Category Archives: Research

Developmentally Disabled – label or hype? I say …

Chart showing the increase in autism diagnosis...

Image via Wikipedia

Survey Says

When researchers report new growth in the numbers of kids with special needs, it creates a stir. I get that, I do.

Those who don’t have a kid with that label don’t generally understand the months and years behind trying to find a diagnosis, trying to get your child to catch up their peers, or even just trying to complete therapy. Instead, they see the rising numbers and say parents are looking for excuses, professionals don’t want to do their jobs, or the world is just too label crazy.

I say … they’re missing the point.

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Filed under Advocacy, Autism, Education, Parenting, Research, Special Needs, venting

Rieger Syndrome – Neat Resource for Parents and Researchers

I don’t often find a new resource worth getting this excited over.

Though I am waiting for a response back from the folks at this site, I would like to encourage anyone looking for a snapshot search of the information available on their diagnosis to check out – Here’s why:

Rieger Syndrome @ Wrong Diagnosis

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Filed under Parenting, Rare Diseases, Research, Special Needs, The Rarelink

Survey says – Blame the Kid (huh?)

Who’s the adult again?

I read a recent post on Disability Scoop  that talked about a new study. You know me and research – my geekiness knows no bounds.

This study looked at what general education teachers think about educating kids with autism. I had to reread the story at first, shaking my head as I did so.

The nutshell: teachers in this small pilot study said they were supportive of bringing kids with autism into their general education classroom. BUT, they don’t think the kids with autism are ready to join them.

The presenter, David Mendell from the University of Pennyslvania, introduced the study at last week’s International Meeting for Autism Research (San Diego).

“Teachers are putting the burden for inclusion on the child rather than thinking about the adaptations that might be necessary in the classroom for that child to be fully included,” Mandell said. “We’re going to have to do some values clarification with teachers.”

Let’s see. The onus is on the kids, who already have developmental disabilities, to do the legwork so that the teachers feel comfortable in having them in their classroom? Or the goal is that the professional might, I don’t know, do their job?

Again, I find myself in awe at study findings, which would, supposedly, represent the views of general education overall.

Is this really the case?

You tell me.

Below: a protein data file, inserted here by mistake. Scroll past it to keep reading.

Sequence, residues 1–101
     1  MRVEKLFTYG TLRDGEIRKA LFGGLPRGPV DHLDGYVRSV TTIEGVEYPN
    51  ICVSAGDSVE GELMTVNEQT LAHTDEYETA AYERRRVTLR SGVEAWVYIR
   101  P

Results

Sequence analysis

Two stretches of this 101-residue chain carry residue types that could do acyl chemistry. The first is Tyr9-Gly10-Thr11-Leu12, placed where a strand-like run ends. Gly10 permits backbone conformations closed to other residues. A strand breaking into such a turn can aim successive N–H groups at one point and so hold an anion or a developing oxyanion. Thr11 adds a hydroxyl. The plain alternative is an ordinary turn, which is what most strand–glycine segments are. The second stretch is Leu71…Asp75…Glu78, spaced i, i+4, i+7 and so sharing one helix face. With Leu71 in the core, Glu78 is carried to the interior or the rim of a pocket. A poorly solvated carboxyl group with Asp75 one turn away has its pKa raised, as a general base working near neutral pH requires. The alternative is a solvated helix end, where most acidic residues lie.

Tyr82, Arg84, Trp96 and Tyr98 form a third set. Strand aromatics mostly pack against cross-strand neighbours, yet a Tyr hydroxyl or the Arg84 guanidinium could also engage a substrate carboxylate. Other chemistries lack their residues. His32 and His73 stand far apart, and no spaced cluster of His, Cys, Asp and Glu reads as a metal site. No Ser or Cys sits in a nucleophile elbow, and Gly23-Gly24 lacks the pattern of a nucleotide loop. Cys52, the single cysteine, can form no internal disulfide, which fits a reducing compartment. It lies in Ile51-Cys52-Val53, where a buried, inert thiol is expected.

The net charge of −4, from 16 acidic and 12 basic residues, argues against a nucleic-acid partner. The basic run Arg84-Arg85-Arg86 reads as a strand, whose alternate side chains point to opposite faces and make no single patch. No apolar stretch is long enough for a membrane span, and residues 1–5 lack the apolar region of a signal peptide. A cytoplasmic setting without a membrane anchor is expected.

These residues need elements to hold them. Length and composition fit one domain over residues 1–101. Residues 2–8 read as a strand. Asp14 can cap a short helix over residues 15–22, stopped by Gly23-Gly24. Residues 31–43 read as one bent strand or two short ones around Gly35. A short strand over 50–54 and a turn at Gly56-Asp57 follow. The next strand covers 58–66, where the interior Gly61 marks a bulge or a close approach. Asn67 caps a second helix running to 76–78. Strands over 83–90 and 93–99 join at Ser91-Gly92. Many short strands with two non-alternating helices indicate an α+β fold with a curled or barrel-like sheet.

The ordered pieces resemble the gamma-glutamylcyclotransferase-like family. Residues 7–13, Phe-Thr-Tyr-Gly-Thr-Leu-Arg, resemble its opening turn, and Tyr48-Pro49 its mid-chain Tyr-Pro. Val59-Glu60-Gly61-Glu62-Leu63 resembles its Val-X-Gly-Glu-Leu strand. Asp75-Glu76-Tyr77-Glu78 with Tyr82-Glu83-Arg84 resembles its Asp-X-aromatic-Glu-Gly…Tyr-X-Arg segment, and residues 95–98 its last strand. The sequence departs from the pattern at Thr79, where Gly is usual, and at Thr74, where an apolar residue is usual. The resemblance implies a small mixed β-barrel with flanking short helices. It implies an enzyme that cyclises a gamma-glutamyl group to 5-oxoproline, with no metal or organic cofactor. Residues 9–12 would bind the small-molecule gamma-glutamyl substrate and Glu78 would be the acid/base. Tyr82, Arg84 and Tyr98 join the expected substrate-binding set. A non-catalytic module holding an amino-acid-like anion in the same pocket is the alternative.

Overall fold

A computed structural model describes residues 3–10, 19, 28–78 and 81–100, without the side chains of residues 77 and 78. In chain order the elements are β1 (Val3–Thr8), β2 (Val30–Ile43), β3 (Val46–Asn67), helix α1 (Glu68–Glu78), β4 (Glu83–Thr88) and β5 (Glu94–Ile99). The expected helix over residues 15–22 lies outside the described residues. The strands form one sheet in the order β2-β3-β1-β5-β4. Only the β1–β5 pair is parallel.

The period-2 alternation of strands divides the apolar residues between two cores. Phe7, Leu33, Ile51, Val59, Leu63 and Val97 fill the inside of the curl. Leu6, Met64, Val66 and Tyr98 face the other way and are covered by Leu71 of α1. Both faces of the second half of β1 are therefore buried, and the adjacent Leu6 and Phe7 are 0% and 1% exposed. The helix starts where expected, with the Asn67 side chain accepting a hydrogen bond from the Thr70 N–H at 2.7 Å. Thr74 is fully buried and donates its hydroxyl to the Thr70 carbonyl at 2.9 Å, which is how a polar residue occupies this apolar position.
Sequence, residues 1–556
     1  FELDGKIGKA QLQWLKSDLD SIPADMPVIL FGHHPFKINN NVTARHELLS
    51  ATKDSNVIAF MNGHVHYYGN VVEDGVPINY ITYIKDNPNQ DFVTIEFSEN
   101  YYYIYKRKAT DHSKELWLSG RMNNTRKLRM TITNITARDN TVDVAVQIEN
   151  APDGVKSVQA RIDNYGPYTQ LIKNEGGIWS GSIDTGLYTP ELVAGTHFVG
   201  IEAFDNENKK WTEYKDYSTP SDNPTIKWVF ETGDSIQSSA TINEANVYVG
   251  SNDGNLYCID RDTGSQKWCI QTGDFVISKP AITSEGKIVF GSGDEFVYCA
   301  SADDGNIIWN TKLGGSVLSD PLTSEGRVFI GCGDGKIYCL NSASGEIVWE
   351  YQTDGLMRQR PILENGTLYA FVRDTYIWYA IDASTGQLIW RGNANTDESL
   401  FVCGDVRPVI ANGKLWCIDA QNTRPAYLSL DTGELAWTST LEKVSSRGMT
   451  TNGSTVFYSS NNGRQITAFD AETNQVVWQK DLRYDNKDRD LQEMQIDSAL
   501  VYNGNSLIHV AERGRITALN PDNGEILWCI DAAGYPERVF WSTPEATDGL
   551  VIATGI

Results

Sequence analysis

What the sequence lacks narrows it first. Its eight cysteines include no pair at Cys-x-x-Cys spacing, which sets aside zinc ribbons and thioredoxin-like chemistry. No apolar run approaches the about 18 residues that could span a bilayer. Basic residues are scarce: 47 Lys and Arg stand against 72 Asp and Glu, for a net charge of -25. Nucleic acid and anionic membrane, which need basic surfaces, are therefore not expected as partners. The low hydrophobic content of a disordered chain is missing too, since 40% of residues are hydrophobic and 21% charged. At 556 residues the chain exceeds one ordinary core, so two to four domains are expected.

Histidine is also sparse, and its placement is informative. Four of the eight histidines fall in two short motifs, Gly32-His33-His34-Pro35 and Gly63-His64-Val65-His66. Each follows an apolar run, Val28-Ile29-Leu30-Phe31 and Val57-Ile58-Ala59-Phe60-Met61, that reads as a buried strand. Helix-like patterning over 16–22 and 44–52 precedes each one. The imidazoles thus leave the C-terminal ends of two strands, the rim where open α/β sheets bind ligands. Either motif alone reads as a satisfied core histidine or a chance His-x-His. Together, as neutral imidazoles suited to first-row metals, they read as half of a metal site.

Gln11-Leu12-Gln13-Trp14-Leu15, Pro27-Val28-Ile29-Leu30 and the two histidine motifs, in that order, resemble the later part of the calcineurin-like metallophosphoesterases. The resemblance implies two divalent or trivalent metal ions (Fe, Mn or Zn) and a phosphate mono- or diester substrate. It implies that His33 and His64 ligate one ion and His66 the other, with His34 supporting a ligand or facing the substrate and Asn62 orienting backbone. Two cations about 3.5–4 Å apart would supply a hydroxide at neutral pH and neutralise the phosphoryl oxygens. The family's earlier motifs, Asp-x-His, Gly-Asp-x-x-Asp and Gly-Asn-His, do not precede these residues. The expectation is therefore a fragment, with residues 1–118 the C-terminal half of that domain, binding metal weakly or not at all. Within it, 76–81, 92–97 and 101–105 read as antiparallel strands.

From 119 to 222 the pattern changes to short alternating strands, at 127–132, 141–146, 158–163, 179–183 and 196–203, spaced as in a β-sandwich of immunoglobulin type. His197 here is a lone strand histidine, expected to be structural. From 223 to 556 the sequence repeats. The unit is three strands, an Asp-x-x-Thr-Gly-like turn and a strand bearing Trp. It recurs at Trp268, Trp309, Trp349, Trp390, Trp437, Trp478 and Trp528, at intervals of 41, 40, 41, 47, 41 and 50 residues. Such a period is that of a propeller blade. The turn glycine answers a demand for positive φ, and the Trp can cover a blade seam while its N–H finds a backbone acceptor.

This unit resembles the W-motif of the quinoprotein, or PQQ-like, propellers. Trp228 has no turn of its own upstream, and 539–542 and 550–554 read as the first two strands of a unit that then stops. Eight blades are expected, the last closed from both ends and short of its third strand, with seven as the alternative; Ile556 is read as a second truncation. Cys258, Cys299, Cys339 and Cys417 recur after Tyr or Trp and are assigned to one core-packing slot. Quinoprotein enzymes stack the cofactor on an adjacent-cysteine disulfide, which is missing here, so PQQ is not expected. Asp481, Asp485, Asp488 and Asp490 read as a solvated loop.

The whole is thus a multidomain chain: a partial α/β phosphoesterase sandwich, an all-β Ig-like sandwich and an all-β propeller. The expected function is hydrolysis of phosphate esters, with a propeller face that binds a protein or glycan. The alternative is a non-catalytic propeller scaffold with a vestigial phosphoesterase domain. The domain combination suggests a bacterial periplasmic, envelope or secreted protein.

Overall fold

I’ve heard both inspiring reports from teachers in general education classrooms, and I’ve heard horror stories of unnecessary restraint, seclusion, bullying, and harassment.

I find the disparity seems to be in educating the general education teachers about the supports they can and should include, and educating the district as a whole as well.

It makes me wonder, though

My guys have all flourished in self-contained settings. I know, that simple statement seals my removal from the special needs mommy club in some circles. But for my kids, I think it has been the very best I could do for them.

See my recent post about Andy, for example.

Andy (and Bobby)


Andy’s anxiety would preclude him being able to comfortably work on academic goals if he was also struggling with the anxiety that comes from social pressure and interaction. His placement is in a classroom setting, but he goes to the regular education options for art and music, and he’s involved in many other activities, in a controlled and comfortable way. I don’t think he would have had the same success in a general education setting. We’ll slowly start mainstreaming him into other classes at he enters the middle school; again, in a controlled way to try and protect him.


Bobby Up-close

My oldest, Bobby, has pretty severe vision impairments and is moderately autistic, not to mention anxiety triggers his epilepsy. You tell me, is it safe to expect a child who doesn’t easily see his peers, can’t talk with them about any age-appropriate academic issues, and has seizures when he becomes anxious–is it fair to expect him to fit in with a general education classroom? We don’t think so.

Think beyond Bobby’s needs (and he’s flourished in this environment) to the other kids in the general education setting – should their instruction be interrupted because Bobby can’t attend to classroom activities in the academic setting? Bobby interacts with his typically developing peers often, and has been known to give a high five to a kid here or there in the halls. His teacher is one of the football coaches, and he encourages social interaction between Bobby and his classmates and the rest of the school, much less the rest of his typically developing peers.

Logan and his string


Logan is not close to his typically developing peers socially, emotionally, or academically. He can barely sit for short periods of time for targeted instruction, and even then needs constant redirection and support. He has seizures, during which he stops breathing, when his threshold is low, when he’s significantly stressed, or just because it’s his lucky day.

Is it fair to expect him to conform to the classroom expectations in a general education classroom? Really? I don’t see how that’s fair to Logan or his peers with no disabilities. Logan still has the opportunity to interact with other kids at school, every day, in a controlled way and with all of the supports he needs in place.